Women want to go to church and worship Jesus and feel part of his body, rather than having our own bodies judged.
We want to go to church without having to hear a pastor call his wife “smokin’ hot,” or brag about the hot women who want to have sex with him, or tell us how hard it is for Christian men not to lust.
We’re tired of being framed as the dangerous ones when we’re the ones in danger.
And we’re tired of being framed as the dangerous ones when we’re the ones in danger.
Pokluda certainly is not the only pastor guilty of reinforcing objectification from the pulpit. And he is far from the worst. He is, however, the most recent, and this dust-up reveals much about the frustration women feel in evangelical circles, and the refusal of men in power to confront their complicity in normalizing female objectification.
Instead of heeding the voices of the hundreds of Christian women calling him to a higher standard, Pokluda chose to characterize the entire Twitter outcry as persecution. In a subsequent sermon, he described what God apparently revealed to him when he visited the Asbury Revival.
As he entered the sanctuary, he was thinking about how he was being attacked by “mean and evil” people “antagonistic towards Christianity and pastors.” Pokluda recounts God told him to read Psalm 37: “Do not fret because of those who are evil, or be envious of those who do wrong. For like the grass they will soon wither, like green plants they will soon die away.”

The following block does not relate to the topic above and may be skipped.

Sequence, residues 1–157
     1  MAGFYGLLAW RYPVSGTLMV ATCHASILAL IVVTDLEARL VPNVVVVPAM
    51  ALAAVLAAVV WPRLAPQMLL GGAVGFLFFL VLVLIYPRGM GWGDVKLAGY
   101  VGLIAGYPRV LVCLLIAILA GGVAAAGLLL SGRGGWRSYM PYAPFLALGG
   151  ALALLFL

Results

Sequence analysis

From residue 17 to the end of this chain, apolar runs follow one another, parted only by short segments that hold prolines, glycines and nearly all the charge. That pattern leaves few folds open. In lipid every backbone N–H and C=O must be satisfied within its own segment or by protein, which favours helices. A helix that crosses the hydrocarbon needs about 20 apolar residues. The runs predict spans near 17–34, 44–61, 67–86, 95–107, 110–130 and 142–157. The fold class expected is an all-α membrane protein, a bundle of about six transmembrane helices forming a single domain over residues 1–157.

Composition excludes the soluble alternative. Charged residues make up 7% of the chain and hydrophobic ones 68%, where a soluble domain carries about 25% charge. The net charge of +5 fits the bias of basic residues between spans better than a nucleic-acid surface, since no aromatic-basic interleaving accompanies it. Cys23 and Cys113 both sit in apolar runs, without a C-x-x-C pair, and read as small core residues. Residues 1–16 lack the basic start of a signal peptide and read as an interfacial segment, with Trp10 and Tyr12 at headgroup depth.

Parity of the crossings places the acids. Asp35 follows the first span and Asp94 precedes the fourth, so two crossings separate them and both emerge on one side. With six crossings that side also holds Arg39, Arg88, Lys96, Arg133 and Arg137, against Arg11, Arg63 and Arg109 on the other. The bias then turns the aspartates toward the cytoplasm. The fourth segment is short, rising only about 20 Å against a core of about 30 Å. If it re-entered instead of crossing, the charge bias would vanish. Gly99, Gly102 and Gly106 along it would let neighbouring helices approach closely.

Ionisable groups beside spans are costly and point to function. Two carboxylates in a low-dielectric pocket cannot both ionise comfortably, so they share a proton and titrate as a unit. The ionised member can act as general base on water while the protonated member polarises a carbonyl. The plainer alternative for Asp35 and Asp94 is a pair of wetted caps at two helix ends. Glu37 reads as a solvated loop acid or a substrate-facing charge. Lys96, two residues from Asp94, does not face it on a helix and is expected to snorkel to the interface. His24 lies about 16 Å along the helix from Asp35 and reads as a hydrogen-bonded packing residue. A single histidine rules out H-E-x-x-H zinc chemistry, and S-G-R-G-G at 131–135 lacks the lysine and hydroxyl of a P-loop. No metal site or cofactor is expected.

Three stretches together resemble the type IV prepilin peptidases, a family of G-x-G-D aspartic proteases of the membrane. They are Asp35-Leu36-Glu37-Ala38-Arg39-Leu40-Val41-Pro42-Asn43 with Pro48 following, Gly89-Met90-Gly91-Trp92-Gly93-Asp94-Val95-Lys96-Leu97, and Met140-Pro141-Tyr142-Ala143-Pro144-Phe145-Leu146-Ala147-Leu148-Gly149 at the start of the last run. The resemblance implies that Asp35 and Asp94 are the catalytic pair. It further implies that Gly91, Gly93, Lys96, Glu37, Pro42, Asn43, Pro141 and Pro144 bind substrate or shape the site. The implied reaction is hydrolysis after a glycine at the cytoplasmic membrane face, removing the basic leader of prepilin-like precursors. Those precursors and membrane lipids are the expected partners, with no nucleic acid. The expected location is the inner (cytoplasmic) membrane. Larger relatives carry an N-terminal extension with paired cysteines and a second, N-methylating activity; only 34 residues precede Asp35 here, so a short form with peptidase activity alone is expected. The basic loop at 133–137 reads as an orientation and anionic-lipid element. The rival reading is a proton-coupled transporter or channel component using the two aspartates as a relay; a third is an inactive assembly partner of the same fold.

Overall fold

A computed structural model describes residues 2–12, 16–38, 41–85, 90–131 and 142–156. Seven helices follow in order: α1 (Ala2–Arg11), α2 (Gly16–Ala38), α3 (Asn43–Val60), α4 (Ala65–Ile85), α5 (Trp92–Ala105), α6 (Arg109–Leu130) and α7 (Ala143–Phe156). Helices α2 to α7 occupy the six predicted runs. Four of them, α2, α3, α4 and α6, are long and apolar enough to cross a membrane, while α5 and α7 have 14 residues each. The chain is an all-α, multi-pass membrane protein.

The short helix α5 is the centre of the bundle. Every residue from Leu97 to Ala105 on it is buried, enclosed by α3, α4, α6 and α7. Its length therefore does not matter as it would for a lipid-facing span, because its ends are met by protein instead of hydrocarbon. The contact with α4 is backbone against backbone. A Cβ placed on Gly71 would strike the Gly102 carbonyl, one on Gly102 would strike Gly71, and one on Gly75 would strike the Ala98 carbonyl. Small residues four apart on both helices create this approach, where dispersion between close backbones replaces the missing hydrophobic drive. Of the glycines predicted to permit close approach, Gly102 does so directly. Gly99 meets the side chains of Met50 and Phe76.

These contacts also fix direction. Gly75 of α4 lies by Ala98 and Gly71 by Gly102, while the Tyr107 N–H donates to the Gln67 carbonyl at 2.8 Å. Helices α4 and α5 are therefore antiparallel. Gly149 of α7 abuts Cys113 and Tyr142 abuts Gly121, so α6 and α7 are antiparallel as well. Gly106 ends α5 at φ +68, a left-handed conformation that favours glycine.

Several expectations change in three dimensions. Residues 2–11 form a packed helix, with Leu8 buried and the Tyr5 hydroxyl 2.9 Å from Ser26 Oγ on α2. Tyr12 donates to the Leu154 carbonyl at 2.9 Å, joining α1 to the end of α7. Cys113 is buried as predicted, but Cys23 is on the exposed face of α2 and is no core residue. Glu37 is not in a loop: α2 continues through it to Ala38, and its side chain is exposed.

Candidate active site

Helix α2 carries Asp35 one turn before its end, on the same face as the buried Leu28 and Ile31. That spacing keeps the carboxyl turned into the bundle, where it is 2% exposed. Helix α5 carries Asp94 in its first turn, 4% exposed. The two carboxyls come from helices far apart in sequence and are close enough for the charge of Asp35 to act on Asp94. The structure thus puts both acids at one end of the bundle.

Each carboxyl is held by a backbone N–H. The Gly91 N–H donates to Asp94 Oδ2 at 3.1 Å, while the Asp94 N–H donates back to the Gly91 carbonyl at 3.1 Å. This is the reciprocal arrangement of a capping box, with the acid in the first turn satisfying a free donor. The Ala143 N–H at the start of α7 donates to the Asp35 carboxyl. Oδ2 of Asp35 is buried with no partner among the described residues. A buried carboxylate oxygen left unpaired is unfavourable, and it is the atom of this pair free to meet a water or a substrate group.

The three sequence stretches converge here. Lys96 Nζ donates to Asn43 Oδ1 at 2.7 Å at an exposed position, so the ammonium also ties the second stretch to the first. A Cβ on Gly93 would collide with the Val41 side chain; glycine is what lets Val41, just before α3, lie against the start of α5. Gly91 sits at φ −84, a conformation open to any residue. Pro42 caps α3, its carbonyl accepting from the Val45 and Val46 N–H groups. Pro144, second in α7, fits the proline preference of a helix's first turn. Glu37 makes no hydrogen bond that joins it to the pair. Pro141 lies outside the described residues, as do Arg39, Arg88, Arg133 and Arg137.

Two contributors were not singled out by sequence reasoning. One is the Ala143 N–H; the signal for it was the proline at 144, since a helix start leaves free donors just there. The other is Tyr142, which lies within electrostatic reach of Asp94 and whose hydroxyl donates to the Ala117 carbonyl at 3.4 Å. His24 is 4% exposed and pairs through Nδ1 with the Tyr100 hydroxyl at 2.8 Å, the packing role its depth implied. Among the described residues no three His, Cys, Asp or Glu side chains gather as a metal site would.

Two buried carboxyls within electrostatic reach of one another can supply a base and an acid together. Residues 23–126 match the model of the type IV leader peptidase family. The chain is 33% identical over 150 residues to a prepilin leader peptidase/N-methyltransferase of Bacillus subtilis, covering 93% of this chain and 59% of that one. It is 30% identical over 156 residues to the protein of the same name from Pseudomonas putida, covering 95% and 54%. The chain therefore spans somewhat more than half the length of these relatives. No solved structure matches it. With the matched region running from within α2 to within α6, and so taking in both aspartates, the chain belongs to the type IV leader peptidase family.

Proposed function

Does Pokluda really believe the women and pastors calling him to holiness are going to be struck down by God? Does he really believe being disgusted at a pastor’s public salivation over a woman’s body makes one evil? Are the people calling him to integrity worthy of death?
Pokluda may think he heard God’s voice. But God does not call his precious daughters, who just want to be treated well, evil ones who should die. Pokluda can characterize us as enemies of Christianity if he wants to. But all we are asking is that those who choose to be Christian leaders actually act like Christ.
If that makes us enemies to the men who want to lead us, I think that says more about them than it does about us — and we deserve better.
Sheila Wray Gregoire is the co-author of The Great Sex Rescue: The Lies You Believed and How to Recover What God Intended, and co-author of the upcoming book She Deserves Better: Raising Girls to Resist Toxic Teachings on Sex, Self, and Speaking Up. She is the founder of BareMarriage.com.